20. 20. Implementation<br />Space vs Time Complexity<br />Algorithms<br />
    21. 21. Concepts<br />Not just a concept – know how to code!<br />
    22. 22. Don’t practice on computer!<br />
    23. 23. What do companies look for?<br />Interview – soft SKILLS<br />
    24. 24. Communication Tips<br />Be specific – not arrogant<br /> “Yeah, I did all the hard work for the team”<br /> “I implemented the file system, which was <br /> considered one of the hardest components.”<br />Be concise and structured<br />Nugget First<br />S.A.R.: Situation, Action, Result<br />
    25. 25. Lead with your “thesis” / nugget<br />Nuggets grab the listener’s attention, and tell them where you’re going<br />Q: What accomplishment are you most proud of?<br />A: The time that I convinced the engineering school to switch to paperless time logs.<br />Structure 1: Nugget First<br />
    26. 26. ituation<br />ction<br />esult<br />Structure 2: S.A.R.<br />S<br />What did you do? <br />What should I care?<br />A<br />R<br />
    27. 27. How do you tackle hard tech questions?<br />Interview – tech SKILLS<br />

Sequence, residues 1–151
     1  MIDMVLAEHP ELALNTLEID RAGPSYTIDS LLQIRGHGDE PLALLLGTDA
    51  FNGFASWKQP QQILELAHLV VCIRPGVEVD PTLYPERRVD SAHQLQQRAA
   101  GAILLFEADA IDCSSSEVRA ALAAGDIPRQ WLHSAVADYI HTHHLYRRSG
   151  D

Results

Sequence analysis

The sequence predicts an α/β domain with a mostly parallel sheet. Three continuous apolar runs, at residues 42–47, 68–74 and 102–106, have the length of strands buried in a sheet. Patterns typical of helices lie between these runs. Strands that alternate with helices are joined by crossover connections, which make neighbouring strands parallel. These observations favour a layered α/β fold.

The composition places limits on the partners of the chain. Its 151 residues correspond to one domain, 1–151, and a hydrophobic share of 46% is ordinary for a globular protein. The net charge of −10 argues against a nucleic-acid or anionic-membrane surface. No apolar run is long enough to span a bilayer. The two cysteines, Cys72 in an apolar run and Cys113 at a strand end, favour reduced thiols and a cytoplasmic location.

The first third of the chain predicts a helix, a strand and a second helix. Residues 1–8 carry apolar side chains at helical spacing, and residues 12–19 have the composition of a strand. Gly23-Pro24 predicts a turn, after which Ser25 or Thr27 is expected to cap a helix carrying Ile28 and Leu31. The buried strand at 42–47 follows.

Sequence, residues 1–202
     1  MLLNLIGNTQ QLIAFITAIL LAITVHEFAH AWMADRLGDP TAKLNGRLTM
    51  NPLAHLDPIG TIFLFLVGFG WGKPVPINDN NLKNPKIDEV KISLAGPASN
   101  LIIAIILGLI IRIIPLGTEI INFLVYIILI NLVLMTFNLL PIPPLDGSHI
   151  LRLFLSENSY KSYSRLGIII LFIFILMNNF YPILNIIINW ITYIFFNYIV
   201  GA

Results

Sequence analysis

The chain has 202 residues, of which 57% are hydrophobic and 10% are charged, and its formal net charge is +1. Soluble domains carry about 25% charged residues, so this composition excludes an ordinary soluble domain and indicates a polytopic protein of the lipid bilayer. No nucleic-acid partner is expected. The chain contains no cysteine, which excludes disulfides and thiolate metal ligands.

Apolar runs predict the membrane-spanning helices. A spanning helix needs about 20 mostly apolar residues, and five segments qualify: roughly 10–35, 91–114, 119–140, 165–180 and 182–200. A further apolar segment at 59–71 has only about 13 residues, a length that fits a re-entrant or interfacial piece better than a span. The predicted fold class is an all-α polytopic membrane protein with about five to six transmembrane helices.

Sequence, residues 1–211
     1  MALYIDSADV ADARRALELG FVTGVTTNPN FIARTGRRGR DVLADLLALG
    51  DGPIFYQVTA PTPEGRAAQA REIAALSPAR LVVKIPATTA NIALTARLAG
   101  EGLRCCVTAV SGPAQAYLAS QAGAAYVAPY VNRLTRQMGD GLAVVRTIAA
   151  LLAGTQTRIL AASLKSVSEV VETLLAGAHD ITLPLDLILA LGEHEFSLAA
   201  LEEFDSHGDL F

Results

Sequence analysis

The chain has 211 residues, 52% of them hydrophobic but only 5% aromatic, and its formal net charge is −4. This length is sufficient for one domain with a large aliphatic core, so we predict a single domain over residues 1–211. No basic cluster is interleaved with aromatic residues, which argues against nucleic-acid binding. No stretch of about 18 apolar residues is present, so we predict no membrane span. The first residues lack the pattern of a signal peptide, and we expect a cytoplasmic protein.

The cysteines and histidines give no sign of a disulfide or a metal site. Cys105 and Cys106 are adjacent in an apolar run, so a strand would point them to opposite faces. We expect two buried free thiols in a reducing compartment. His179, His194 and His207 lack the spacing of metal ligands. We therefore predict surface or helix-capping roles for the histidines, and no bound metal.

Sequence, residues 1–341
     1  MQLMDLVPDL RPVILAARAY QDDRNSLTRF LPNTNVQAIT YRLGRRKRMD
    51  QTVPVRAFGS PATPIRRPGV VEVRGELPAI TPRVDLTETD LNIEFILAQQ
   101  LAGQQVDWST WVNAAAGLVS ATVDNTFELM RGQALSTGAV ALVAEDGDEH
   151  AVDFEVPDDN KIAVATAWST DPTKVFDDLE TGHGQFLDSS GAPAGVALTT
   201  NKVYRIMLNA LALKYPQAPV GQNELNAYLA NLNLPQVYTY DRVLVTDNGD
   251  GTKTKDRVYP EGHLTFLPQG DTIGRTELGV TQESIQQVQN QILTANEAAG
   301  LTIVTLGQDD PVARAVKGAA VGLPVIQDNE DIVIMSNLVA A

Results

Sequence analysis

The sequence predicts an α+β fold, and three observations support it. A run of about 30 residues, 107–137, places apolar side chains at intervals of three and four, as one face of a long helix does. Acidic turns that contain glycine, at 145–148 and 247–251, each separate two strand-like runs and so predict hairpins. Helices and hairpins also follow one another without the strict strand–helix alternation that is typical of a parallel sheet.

28. 28. Mastering the Technical Questions<br />Ask Questions!<br />Questions are more ambiguous than they appear<br />Talk out loud<br />Show us how you think<br />Think critically<br />Does your algorithm really work? What’s the space and time complexity?<br />Code slowly and methodically<br />It’s not a race<br />Test your code<br />You’re not done until they say you’re done!<br />
    29. 29. Step 1: Ask Questions<br />What are the data types?<br />How much data?<br />What assumptions do you need?<br />Who is the user?<br />NOTE: Especially important at Microsoft.<br />
    30. 30. Step 2: Think Critically<br />What’s space / time complexity?<br />What if there’s lots of data?<br />Does your design cause other issues?<br />If there are other issues, did you make the right trade offs?<br />